someone were willing to pay it could pass the X.Open conformance
tests, no bother.

That means it's a FOSS copy of a commercial system.

X.org is now /the/ official reference implementation of X.11 so it has
official status. But almost all the bits of Linux are, frankly, ripped
off. They are clean-room (mostly, kinda, ish, we hope)
reimplementations of code originated at AT&T or UCSD or UCB or who
knows what else. Almost all of it, from "ls" to vi to EMACS.

Now most of that seems to be fine now. The vendors don't care to chase
it. The only one that did was SCO and it failed, because it claimed
the /code/ was copied.

But as we progress up the layers, there is less and less diversity.

"ls" is "ls" is "ls". The differences between Solaris, AIX or Linux
are scant and don't massively matter.

But up at the desktop layer, it's different. There /are/
window-managers and desktops that are nothing like those on anything
else. Back in the 1980s, there was wild diversity: OpenLook was
nothing like the Mac System which was nothing like Windows... and GEM
was nothing like any of them, at least after Apple sued it into a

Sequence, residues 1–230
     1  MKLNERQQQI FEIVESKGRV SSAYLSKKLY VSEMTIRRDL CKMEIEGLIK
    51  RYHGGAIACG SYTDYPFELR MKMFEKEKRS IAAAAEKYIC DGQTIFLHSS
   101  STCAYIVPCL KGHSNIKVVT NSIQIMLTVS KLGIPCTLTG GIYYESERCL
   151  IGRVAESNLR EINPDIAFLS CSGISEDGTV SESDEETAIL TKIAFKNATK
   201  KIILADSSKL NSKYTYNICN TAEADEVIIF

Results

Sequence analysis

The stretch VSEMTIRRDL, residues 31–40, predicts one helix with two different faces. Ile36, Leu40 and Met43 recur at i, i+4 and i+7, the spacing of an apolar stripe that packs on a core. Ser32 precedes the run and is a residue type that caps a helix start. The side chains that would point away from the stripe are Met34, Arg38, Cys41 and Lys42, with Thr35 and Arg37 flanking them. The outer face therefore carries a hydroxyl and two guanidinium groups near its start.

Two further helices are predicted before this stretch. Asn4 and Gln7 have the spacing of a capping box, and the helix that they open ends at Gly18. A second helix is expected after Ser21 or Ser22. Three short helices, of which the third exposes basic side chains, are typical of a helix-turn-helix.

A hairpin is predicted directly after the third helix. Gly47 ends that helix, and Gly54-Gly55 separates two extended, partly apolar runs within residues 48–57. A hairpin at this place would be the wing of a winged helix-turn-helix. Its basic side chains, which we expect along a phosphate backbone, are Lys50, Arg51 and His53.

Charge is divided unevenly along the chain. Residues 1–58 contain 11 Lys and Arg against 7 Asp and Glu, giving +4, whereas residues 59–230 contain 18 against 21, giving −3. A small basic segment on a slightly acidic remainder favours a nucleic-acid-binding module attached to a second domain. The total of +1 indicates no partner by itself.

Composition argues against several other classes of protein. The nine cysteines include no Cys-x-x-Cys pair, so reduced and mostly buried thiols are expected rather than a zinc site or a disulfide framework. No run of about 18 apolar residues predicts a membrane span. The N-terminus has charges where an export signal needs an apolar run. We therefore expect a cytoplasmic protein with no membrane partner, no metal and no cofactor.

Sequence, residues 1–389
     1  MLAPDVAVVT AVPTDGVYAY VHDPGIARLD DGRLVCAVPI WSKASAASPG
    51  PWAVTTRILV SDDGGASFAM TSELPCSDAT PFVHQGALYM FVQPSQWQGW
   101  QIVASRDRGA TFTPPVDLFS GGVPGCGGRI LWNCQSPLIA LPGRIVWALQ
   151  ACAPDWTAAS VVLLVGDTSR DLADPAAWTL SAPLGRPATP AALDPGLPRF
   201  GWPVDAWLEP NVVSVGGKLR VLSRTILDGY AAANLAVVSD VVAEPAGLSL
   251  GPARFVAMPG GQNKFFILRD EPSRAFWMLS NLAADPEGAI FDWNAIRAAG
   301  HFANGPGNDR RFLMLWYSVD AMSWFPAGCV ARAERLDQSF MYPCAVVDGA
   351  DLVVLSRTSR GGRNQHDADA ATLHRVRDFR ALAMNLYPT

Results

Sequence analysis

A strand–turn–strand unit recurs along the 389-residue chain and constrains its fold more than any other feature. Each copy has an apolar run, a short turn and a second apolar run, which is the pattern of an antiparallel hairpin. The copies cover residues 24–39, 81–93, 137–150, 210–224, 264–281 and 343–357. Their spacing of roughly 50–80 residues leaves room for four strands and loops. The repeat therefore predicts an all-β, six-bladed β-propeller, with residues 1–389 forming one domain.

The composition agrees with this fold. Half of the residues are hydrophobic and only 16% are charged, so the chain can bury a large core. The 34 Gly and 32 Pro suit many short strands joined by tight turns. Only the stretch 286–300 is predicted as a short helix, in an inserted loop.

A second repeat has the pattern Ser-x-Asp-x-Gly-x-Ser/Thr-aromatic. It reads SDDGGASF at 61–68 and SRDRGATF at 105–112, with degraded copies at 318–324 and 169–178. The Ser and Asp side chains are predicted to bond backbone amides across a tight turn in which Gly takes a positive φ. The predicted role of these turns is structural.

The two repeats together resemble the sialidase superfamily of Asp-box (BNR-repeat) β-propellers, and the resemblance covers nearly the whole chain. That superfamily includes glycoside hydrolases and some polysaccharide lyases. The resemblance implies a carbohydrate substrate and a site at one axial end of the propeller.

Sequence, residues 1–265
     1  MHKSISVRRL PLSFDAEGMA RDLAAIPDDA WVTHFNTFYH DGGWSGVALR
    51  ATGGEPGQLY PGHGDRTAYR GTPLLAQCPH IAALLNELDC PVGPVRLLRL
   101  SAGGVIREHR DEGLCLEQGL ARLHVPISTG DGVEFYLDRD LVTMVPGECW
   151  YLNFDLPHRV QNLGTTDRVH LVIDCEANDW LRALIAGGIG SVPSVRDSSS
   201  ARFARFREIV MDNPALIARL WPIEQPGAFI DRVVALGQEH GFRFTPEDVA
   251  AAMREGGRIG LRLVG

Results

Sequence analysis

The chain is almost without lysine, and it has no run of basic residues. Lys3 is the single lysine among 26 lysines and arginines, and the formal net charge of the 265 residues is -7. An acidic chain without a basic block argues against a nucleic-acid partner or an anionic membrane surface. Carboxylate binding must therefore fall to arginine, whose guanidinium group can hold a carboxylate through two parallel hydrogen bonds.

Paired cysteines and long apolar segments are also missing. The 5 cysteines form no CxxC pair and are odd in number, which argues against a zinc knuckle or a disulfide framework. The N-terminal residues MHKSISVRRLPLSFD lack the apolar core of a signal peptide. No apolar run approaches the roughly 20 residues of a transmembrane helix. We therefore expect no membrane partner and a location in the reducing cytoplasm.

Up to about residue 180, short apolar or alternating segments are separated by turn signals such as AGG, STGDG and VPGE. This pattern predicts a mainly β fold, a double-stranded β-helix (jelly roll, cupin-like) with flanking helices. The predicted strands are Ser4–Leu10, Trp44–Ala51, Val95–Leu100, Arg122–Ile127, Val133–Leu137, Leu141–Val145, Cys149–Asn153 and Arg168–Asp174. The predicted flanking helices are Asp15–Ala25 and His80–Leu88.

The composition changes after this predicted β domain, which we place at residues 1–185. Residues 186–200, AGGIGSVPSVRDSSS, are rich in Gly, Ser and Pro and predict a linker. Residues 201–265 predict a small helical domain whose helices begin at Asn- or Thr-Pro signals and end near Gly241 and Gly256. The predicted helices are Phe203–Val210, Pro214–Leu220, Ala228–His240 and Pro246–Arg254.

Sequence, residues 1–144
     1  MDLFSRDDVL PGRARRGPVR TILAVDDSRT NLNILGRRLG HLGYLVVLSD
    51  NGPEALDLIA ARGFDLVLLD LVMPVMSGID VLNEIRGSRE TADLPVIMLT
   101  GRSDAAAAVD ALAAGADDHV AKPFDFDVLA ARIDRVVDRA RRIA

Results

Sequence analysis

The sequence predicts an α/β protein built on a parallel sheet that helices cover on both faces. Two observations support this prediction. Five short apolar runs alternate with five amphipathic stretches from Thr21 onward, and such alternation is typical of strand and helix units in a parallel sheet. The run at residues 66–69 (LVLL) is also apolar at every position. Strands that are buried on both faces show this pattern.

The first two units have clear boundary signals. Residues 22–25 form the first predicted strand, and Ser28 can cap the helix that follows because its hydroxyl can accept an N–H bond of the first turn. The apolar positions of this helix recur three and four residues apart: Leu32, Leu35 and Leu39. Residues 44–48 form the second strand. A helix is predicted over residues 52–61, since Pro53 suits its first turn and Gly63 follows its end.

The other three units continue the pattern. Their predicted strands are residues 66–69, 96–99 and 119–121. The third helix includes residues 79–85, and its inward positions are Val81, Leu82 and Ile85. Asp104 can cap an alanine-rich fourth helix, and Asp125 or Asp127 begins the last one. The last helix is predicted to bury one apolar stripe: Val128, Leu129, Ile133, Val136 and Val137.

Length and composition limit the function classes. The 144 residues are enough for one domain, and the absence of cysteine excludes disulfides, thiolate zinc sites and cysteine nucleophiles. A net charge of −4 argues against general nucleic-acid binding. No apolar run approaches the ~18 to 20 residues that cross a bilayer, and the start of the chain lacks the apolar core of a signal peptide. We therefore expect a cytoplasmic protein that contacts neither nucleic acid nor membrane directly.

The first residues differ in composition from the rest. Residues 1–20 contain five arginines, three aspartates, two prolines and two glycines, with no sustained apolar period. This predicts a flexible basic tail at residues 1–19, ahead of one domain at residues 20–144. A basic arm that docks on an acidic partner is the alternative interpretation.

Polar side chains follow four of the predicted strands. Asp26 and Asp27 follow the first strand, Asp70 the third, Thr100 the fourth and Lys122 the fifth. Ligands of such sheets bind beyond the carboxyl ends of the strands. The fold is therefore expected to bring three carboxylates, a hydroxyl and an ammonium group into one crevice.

major change.

But now, the weird, the different FOSS WMs are obscurities. There are
things like ratpoison or twm or wm2 which look like nothing else. But
only a few techies use them.

Most people use Kwm or Metacity or Clutter - and they work just like Windows™.

File managers: the mainstream ones - Konqueror and Dolphin and
Nautilus and even Thunar - are significantly like Windows.

Ditto panels. Ditto application-launch menus. Ditto system trays.
Ditto desktop managers. (Think seemingly-small stuff, like how you
change your wallpaper, or what icons are present and how they look and
what they do.)

The main choices are:
KDE - a direct copy of the Windows 95 + IE4 "Active Desktop™", right
down to the way that filer-window contents are generated in HTML and
then rendered by the embedded browser.
GNOME 2 - highly Windows-like panels, menus, filer, desktop, etc.
Very much in 3rd place, Xfce - can be configured to be quite different
but contains distinct elements of the Windows implementations of
stuff.
LXDE - quite new, but the panel/menu/icons thing is straight out of Win95/NT4.

Also-runs that embody the same look and feel are IceWM and Fvwm95.

The Mac System, later MacOS - not Mac OS X, but classic MacOS -
evolved quite incrementally over 15y. It has some PC influences, but
they are quite scant. (e.g. the overlaid shortcut arrows on the icons
for aliases.)

But Windows 4, AKA Windows 95, AKA Windows Chicago with its GUI taken
from the Cairo project, was a single massive cohesive design effort to
produce a new friendly object-oriented (kinda ish) desktop GUI that
built on Windows 3 and thus on OS/2 and Windows 2, but which was
modern, new, and most of all, /different/ from anyone else.

It contains lots of new ideas that nobody had done before.